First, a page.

New Orleans: A City In The Grip Of King Cake Madness


A few weeks ago, I ate three pieces of cake on a single day. All in the name of research, of course.

You see, it was Jan. 6, otherwise known as Epiphany or Kings Day — and in New Orleans, that signals the start of Carnival season. And that means we eat king cake.

Mardi Gras, or Fat Tuesday, is, of course, a single day: Feb. 9 this year. But in New Orleans, Carnival is a season that starts with Kings Day and ends in ashes — on Ash Wednesday (Feb. 10). In between, the entire city is gripped with king cake madness, its diet and culture dominated by the colorful cakes.

King cakes are most prominently featured in a kind of ritual exchange tradition in workplaces. One person brings a cake to the office to start off the cycle.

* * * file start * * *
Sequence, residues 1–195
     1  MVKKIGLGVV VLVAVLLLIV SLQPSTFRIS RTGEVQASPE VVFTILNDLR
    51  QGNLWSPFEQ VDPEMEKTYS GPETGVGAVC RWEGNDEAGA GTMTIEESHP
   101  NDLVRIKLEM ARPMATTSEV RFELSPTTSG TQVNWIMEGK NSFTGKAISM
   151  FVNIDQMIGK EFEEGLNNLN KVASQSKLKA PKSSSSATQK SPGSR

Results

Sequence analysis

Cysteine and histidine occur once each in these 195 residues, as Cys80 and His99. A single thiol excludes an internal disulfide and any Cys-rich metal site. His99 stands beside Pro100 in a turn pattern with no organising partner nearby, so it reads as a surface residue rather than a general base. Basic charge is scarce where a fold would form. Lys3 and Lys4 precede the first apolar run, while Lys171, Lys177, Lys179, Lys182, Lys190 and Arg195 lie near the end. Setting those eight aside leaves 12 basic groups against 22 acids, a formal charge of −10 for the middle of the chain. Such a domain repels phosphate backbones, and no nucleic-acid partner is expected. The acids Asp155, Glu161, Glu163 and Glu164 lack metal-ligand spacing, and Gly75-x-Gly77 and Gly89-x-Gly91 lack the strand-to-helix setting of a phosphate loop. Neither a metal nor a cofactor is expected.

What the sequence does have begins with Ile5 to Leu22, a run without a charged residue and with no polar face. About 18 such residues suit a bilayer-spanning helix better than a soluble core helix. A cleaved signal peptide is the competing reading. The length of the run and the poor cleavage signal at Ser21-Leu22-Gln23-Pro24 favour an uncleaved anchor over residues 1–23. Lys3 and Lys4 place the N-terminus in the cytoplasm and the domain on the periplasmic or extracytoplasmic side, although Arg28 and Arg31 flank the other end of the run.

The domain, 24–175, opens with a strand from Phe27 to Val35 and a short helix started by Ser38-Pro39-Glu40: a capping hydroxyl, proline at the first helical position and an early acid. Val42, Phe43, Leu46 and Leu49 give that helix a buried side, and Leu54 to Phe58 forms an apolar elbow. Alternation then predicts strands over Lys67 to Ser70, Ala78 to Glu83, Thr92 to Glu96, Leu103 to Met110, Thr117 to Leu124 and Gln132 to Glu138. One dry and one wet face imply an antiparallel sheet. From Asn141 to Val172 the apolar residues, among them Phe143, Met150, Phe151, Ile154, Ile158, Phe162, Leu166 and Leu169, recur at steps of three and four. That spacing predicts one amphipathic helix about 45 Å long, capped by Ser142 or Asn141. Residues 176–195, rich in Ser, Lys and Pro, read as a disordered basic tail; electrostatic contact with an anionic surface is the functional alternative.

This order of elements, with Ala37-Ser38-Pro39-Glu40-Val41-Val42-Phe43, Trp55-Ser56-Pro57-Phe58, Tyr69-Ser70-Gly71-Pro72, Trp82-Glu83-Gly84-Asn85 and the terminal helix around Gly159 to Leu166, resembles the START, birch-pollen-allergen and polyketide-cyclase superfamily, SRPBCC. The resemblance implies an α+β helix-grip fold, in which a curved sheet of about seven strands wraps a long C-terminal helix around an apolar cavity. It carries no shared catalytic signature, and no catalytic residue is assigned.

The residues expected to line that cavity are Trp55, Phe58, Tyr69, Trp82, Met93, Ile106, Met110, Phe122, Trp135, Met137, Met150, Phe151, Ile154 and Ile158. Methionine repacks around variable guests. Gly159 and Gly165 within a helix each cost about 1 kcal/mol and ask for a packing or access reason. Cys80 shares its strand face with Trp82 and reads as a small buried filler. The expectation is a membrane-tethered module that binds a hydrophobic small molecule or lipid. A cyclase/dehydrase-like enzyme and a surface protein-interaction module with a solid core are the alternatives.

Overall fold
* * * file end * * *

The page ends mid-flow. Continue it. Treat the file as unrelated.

Kings cakes are supposed to come with a plastic figure hidden in them (usually a plastic baby). The person who finds the hidden figurine in a slice must bring the next cake to the office. This exchange goes on until Mardi Gras, after which the cakes disappear for another year.

What do you think?